As President of BEA, Lord Hastings chaired numerous Annual General Meetings of the Association. He served on BEA’s Executive Committee from 1965 until the Committee was disbanded in May 1990. Similarly, he served on the Council of Management from 1965 until his retirement as President in June 1993. He was consequently right at the very heart of BEA across four different decades. During these years, BEA had its share of difficulties. But Lord Hastings’ leadership and guidance as President during such times was invaluable. His generosity, his warm spirit, his good humour, his deep commitment, and his never ending ability to care, kept problems in perspective and ensured the Association made progress in improving the lives of people with epilepsy and their families.

Lord Hastings was held in the highest regard and was widely respected by all those who knew him within BEA. Possessed of a calm authority, when he had something to say, people listened. Consequently he was often deployed to help resolve the most difficult of problems. For example, even though he had just retired as President, he chaired a litigation committee set up by the Council of Management in July 1993 to advise on potential legal action regarding the loss of some of the Association’s investments discovered in October 1992.

What was less well known about Lord Hastings was his interest and his practical involvement in BEA’s activities at an everyday level. Although it was never expected of him, Lord Hastings spent a great deal of his time selflessly visiting local branches and groups, attending meetings of volunteers and paying visits to the holidays BEA used to run for people with epilepsy. He was always perceptively aware of the problems facing people with epilepsy and their families and his support for epilepsy extended beyond his involvement with British Epilepsy Association. Not only did he serve as Chairman of the Epilepsy Research Foundation, he was also the President of the Joint Epilepsy Council.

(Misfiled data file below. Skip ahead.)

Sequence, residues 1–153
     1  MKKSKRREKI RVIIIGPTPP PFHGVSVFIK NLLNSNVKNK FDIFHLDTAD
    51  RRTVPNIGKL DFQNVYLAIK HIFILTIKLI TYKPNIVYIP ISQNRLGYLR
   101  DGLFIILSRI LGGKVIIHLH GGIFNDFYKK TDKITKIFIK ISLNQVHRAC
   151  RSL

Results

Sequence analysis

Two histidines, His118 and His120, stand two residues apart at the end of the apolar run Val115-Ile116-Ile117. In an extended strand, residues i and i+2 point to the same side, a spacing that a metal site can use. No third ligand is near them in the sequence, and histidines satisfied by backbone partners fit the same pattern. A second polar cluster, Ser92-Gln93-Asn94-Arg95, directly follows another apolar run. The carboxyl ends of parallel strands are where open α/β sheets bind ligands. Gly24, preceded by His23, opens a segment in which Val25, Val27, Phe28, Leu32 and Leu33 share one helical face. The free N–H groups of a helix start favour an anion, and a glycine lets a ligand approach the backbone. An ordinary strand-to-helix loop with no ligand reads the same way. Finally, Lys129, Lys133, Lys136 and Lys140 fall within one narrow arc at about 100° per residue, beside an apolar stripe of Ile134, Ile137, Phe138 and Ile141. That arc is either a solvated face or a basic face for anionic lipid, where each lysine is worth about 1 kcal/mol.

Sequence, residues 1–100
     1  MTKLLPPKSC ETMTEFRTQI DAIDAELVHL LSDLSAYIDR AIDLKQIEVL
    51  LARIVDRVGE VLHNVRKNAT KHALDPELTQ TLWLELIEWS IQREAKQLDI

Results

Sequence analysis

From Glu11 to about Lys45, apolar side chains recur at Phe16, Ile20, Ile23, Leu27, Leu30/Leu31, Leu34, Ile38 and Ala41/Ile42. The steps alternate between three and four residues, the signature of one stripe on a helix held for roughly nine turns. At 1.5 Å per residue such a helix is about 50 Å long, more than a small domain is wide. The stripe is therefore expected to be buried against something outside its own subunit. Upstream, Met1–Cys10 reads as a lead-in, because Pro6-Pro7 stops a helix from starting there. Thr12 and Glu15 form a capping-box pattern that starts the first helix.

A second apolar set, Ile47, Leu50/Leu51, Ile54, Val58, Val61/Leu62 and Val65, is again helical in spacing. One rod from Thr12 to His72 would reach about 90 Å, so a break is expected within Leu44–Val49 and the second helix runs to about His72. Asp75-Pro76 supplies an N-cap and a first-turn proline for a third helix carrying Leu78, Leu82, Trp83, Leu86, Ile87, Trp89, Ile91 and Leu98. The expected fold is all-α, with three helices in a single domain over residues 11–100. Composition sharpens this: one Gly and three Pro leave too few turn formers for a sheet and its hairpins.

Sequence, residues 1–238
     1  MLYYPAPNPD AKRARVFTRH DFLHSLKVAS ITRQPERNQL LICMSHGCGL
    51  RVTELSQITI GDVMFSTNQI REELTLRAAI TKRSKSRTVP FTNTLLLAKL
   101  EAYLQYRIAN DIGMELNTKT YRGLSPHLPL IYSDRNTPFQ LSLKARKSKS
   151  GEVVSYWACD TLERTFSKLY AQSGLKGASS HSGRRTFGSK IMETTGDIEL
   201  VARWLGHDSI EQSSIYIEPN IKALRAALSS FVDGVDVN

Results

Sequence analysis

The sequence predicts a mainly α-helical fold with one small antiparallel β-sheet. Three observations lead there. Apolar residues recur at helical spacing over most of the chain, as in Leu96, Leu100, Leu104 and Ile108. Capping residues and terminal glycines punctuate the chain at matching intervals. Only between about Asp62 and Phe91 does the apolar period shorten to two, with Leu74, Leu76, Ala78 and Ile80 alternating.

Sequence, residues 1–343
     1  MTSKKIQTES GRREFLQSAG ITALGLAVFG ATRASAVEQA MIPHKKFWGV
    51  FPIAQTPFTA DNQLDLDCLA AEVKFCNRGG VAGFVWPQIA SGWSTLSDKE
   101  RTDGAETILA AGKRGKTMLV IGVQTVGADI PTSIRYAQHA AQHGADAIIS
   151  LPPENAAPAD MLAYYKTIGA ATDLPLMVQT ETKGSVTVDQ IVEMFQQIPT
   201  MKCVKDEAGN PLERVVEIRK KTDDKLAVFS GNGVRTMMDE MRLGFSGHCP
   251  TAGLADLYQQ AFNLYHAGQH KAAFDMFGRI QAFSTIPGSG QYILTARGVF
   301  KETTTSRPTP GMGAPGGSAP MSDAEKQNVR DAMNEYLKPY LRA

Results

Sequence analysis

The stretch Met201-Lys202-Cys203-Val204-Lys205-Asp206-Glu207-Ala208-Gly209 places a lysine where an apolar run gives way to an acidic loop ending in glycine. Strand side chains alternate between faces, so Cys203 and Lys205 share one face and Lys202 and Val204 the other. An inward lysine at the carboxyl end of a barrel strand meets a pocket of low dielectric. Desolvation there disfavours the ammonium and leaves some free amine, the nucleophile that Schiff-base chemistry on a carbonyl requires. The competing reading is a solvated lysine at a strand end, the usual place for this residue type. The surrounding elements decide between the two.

In June 1990, to commemorate its 40th anniversary, BEA introduced its most prestigious and highest award to recognise people who had made an outstanding contribution to improving the lives of people with epilepsy. The Award was named after Lord Hastings and it was most appropriate that he should be the first ever recipient, recognising his immense efforts on behalf of BEA. Ironically, his last public engagement for the Association was in June 2004 when at the age of 92 he presented the Lord Hastings Award to Dr Tim Betts at the Association’s national conference and AGM in Leeds.

Philip Lee, Chief Executive of Epilepsy Action, recalls:

“I was the Development Director of BEA when Lord Hastings retired as President. I remember that all the Association’s staff were called together and he gave each one of us a personal gift of a book token. He also gave one to every member of Council. He was like that – thoughtful, interested and encouraging.

“With the passing of Lord Hastings we have lost one of the few remaining links back to the earliest days of the Association. Whilst saddened by his loss, we can be grateful that he chose to share his many talents with us and help us to develop BEA into the thriving and successful organisation that it is today. Lord Hastings has a special place in the history of British Epilepsy Association.”

Richard Chapman, honorary treasurer of Epilepsy Action and a former chairman of council, added:

“I joined the Council of Management in 1986 when Lord Hastings, as President, used to chair the Council. I found him to be approachable, charming and genuinely interested in all of the Association’s work and in the views of our members and keen to do whatever he could to help. He was a great listener with a keen mind and a capacity to get to the vital questions in any issue under debate. He was very active on our behalf at an age when most people have decided to wind down and take it easy. I think he contributed a great deal to the development of the Association and to understanding of epilepsy at a time when it was not a popular cause to champion.”